One of the most common complaints by civil libertarians is that prosecutors who abuse the system or rights of defendants are rarely held accountable when convictions are later thrown out. Some like Nancy Grace actually make television careers based on their checkered record as prosecutors. One exception is the Texas proceedings against Texas judge and former Williamson County District Attorney Ken Anderson, who is accused of withholding evidence and making false statements during the 1987 trial of Michael Morton for the murder of his wife. Despite the allegations of his abuses as a prosecutor, Anderson was elevated to the bench to mete out justice as a judge.
Morton served 24 years while Anderson’s career flourished. DNA evidence eventually showed that he was innocent.
Among the evidence concealed by prosecutors was a statement by the Mortons’ three year old son stating that his father was not the attacker.
Anderson is quoted in one news account as saying “It is inconceivable that this happened. I really do want to apologize to him and to everyone else that this affected.” Well, it is really not that inconceivable when the prosecutors concealed statements from witnesses exonerating the defendant. It is also far from inconceivable in Texas which has the highest rate of convicted persons exonerated by DNA evidence. It shows a comprehensive failure of prosecutors to scrutinize evidence and seek for justice to be done as opposed to blindly securing any and all possible convictions.
Mark Alan Norwood was arrested and charged with Christine Morton’s murder on the basis of the DNA evidence. Notably, Norwood is also suspected of killing Debra Master Baker in 1988 — two years after Christine Morton’s death. So the prosecutorial misconduct in the case may not only have stolen the life of an innocent man (and denied a child of his father after the death of his mother) but resulted in the murder of a second woman.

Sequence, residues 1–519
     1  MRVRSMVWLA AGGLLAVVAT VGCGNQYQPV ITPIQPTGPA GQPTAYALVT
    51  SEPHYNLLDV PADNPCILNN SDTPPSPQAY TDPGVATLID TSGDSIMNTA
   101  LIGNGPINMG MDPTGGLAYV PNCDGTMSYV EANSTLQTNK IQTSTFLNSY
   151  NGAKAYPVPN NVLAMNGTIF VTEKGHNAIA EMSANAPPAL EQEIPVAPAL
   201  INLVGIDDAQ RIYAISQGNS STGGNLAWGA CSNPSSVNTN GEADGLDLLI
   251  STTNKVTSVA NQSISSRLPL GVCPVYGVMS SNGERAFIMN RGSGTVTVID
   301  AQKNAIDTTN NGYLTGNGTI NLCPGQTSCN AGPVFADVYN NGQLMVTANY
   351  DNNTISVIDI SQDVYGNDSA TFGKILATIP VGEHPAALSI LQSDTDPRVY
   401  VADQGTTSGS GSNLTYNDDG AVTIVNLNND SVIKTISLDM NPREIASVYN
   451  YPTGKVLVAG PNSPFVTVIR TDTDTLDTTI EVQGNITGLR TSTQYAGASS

Anderson is specifically accused of concealing five pieces of critical evidence:
It alleges Anderson withheld five pieces of evidence:
1) A memo to the lead investigator in the case detailing a tip about a check made out to Mrs. Morton that was cashed nine days after her death,
2) evidence that a credit card was later recovered from a San Antonio store,
3) reports of witnesses that saw a man park a green van on the street behind the Morton home on several occasions before the murder,
4) A transcript of a taped interview disclosing that Morton’s 3-year old son described a different man and expressly confirmed it was not his father, and
5) A report containing a condensed version of the transcript of the witness account exonerating the defendant.
That makes it all a bit more “conceivable” doesn’t it?